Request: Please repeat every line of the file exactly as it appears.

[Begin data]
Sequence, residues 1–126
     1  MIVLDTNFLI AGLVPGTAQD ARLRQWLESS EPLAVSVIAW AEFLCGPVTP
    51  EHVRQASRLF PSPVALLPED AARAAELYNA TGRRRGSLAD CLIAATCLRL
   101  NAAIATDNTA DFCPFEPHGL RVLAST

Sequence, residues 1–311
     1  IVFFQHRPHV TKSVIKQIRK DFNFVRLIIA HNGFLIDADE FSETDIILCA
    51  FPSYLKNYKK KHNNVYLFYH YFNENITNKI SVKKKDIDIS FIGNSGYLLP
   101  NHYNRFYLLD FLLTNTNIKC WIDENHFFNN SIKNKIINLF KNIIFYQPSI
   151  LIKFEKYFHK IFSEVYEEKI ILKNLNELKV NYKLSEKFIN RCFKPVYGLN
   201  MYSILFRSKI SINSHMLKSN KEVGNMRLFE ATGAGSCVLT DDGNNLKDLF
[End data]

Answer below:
Sequence, residues 1–126
     1  MIVLDTNFLI AGLVPGTAQD ARLRQWLESS EPLAVSVIAW AEFLCGPVTP
    51  EHVRQASRLF PSPVALLPED AARAAELYNA TGRRRGSLAD CLIAATCLRL
   101  NAAIATDNTA DFCPFEPHGL RVLAST

Sequence, residues 1–311
     1  IVFFQHRPHV TKSVIKQIRK DFNFVRLIIA HNGFLIDADE FSETDIILCA
    51  FPSYLKNYKK KHNNVYLFYH YFNENITNKI SVKKKDIDIS FIGNSGYLLP
   101  NHYNRFYLLD FLLTNTNIKC WIDENHFFNN SIKNKIINLF KNIIFYQPSI
   151  LIKFEKYFHK IFSEVYEEKI ILKNLNELKV NYKLSEKFIN RCFKPVYGLN
   201  MYSILFRSKI SINSHMLKSN KEVGNMRLFE ATGAGSCVLT DDGNNLKDLF